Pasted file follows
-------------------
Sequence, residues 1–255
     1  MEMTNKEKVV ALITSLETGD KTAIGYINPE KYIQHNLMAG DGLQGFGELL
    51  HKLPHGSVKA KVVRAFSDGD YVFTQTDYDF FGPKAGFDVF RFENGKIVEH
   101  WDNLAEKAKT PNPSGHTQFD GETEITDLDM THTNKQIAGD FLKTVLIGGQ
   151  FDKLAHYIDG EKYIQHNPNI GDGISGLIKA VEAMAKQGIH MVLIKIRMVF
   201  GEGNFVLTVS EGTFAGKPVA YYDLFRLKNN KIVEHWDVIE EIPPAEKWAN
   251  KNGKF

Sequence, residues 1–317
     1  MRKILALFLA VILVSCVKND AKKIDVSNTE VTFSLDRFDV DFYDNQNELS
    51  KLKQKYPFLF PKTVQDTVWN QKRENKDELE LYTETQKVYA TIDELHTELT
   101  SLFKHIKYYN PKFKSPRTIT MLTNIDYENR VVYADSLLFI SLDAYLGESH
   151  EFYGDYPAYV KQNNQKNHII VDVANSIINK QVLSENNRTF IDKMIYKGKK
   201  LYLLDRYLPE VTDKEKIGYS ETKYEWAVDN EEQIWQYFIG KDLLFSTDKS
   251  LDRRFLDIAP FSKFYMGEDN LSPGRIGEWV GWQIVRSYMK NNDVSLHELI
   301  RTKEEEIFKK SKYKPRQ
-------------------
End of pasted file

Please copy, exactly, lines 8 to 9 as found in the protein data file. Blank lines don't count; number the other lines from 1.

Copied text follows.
Sequence, residues 1–317
     1  MRKILALFLA VILVSCVKND AKKIDVSNTE VTFSLDRFDV DFYDNQNELS